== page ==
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Muslim Civil Society in Urban Public Spaces: Globalization, Discursive Shifts, and Social Movements

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  • Lubeck, Paul
  • Britts, Bryana

Abstract

Framing: Muslim Movements in Urban Situations We live in an intellectual moment when the complexity of the global Islamic revival renders it difficult to generalize about Muslim institutions, social movements and discursive practices. While diversity and locality remain paramount features of Muslim cities, globalization has inadvertently nurtured the extension of transnational Muslim networks into a web of interconnected cities. Quite opportunistically, urban-based Muslim networks now thrive in the interstitial spaces created by the new global communication and transportation infrastructures. What, then, are the long-term patterns for Muslims in cities?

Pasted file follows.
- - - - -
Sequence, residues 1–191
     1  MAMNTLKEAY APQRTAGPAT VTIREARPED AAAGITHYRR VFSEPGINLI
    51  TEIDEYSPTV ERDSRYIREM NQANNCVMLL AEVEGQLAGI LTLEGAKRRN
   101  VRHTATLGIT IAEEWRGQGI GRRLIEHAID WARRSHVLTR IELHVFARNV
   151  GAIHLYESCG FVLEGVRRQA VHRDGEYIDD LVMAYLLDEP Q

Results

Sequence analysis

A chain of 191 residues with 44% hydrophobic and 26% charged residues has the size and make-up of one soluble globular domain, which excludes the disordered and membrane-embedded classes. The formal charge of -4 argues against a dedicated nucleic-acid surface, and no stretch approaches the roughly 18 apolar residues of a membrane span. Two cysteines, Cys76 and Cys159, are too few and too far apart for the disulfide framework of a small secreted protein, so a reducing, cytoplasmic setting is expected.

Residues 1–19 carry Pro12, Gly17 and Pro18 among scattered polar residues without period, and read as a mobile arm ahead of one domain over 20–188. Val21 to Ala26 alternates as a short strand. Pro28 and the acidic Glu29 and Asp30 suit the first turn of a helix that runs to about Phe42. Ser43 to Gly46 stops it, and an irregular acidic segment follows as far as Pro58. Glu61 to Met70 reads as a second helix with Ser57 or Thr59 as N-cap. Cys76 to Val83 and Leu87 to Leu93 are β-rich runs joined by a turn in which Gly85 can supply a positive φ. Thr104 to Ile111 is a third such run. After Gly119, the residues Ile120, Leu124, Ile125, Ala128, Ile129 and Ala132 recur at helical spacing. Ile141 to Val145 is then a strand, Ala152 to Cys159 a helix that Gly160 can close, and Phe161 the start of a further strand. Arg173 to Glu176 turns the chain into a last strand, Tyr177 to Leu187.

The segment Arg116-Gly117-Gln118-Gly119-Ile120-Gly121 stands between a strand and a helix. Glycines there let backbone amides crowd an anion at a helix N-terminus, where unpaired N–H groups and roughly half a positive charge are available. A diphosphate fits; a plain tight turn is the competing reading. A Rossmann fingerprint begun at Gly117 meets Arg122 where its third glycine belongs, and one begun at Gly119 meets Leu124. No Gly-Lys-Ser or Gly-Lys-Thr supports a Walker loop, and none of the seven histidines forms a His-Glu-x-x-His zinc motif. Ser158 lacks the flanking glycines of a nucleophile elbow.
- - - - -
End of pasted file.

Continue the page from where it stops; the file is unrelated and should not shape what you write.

Suggested Citation

  • Lubeck, Paul & Britts, Bryana, 2001. "Muslim Civil Society in Urban Public Spaces: Globalization, Discursive Shifts, and Social Movements," Center for Global, International and Regional Studies, Working Paper Series qt5jd5p2sr, Center for Global, International and Regional Studies, UC Santa Cruz.
  • Handle: RePEc:cdl:glinre:qt5jd5p2sr
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    1. Burke, Edmund III, 1998. "Orientalism and World History: Representing Middle Eastern Nationalism and Islamism in the Twentieth Century," Center for Global, International and Regional Studies, Working Paper Series qt40d0j6hq, Center for Global, International and Regional Studies, UC Santa Cruz.
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    Keywords

    Social Movements;

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